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It could be Kronecker's determination of the sign of the Gauss sum by means of Cauchy's theorem. Already Gauss noted that the determination of the sign implies the law of quadratic reciprocity.

In response to the request for references:

Leopold Kronecker: Summirung der Gauss'schen Reihen ... J. Reine Angew. Math. 105 (1889), 267-268.

Also in volume 4 of his Werke, 297-300. (This was where I xeroxed it, so I can vouch for the page numbers, I have the pages in front of me right now).

Also in Landau's Elementare Zahlentheorie (together with two others, by Mertens and Schur), near the end of the book.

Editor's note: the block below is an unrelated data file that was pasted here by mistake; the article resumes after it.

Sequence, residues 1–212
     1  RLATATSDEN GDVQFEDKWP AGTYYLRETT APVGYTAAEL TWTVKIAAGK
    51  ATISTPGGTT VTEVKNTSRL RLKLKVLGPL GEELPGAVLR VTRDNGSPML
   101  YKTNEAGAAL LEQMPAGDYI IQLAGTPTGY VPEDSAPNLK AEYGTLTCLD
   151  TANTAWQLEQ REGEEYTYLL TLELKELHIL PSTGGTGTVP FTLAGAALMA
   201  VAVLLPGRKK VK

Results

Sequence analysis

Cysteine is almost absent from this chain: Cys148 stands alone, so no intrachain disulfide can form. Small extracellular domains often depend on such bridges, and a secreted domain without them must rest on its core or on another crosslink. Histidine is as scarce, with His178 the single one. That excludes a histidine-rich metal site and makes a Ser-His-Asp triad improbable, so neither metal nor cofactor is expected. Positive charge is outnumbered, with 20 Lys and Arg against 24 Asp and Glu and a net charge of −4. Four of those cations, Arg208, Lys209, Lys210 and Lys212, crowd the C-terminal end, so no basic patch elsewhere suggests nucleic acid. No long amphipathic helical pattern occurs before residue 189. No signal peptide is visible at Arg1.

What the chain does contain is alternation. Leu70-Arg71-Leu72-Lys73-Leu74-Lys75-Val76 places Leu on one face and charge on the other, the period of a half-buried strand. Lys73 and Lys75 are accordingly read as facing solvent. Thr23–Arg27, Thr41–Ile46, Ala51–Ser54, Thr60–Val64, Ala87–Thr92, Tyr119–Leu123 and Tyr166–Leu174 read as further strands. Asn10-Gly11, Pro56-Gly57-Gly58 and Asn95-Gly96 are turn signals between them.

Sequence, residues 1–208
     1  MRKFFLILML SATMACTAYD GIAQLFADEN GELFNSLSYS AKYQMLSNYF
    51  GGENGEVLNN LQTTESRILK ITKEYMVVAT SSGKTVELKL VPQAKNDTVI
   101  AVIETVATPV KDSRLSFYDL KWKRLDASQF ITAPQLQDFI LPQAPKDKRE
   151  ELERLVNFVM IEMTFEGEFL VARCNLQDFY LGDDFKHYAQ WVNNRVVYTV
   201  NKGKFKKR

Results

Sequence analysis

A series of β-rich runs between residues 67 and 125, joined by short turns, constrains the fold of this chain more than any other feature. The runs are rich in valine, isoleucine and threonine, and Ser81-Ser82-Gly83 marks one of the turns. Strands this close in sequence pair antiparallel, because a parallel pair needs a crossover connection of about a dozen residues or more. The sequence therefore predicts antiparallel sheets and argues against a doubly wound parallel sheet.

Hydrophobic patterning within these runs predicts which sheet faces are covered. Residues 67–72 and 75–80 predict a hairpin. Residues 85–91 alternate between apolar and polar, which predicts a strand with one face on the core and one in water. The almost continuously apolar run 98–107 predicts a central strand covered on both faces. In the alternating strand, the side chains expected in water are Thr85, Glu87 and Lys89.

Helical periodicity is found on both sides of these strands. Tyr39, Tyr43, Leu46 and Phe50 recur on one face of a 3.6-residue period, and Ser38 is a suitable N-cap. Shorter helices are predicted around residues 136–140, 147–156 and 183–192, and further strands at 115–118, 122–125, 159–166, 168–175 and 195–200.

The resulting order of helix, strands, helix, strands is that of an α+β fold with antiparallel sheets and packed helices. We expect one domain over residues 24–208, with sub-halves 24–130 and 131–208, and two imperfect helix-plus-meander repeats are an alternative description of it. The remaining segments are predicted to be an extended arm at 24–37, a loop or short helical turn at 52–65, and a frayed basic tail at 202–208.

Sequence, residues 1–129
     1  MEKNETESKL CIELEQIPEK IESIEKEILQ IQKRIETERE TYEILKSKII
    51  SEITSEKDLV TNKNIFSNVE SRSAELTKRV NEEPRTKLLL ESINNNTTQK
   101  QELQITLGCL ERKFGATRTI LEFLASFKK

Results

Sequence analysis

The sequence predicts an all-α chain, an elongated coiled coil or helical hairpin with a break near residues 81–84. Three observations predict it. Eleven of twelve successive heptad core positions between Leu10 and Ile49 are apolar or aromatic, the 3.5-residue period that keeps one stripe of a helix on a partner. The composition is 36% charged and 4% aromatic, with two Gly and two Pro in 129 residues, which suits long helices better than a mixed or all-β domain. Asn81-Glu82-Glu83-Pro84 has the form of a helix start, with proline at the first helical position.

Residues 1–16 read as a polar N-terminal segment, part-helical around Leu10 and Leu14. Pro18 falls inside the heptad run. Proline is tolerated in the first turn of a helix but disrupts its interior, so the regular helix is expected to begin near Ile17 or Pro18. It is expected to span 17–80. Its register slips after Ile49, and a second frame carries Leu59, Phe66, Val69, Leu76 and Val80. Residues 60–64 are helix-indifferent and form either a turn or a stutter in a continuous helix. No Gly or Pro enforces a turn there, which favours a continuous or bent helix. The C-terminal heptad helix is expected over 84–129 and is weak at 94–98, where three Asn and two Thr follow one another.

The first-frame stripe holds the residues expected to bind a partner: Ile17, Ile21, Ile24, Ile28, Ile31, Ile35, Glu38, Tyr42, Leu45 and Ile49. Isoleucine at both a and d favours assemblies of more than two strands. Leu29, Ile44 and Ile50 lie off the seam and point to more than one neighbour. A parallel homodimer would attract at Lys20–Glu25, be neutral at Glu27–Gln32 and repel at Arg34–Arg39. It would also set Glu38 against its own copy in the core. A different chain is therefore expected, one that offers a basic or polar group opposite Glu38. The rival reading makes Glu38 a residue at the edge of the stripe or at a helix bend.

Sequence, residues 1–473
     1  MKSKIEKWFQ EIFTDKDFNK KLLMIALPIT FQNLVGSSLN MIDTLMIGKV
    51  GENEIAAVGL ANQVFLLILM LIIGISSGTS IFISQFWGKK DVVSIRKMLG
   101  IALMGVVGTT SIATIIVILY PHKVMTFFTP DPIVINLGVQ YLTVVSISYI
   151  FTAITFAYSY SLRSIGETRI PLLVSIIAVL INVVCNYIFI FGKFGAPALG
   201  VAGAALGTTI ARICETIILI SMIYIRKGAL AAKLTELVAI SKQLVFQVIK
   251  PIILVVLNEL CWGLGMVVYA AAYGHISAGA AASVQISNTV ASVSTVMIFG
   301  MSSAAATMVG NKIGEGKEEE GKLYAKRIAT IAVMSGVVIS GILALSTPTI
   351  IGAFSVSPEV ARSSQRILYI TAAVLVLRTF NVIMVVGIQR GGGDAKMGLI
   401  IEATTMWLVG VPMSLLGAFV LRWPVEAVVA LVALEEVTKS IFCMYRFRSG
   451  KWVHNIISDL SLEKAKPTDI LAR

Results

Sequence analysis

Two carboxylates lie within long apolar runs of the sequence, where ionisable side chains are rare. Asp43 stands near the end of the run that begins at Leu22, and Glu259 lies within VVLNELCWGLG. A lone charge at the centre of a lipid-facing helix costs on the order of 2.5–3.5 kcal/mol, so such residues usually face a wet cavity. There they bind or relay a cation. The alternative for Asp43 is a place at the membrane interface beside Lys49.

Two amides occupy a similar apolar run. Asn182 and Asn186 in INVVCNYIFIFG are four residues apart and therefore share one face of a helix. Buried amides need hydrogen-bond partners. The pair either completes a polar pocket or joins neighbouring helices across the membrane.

Also supposed to be in Ayoub: Introduction to the Analytic Theory of Numbers, but I am not familiar with his book, so I cannot vouch for this.

There is a later determination of the sign of the Gauss sum by contour integration, due to Mordell, which is quite accessible; it is in Chandrasekharan's Introduction to Analytic Number Theory, page 35--39. Chandrasekharan does a more general case.

Now, I have not claimed that Kronecker's proof was the one that Hilbert was thinking of. I cannot read the mind of a dead man (nor that of a living one).

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It could be Kronecker's determination of the sign of the Gauss sum by means of Cauchy's theorem. Already Gauss noted that the determination of the sign implies the law of quadratic reciprocity.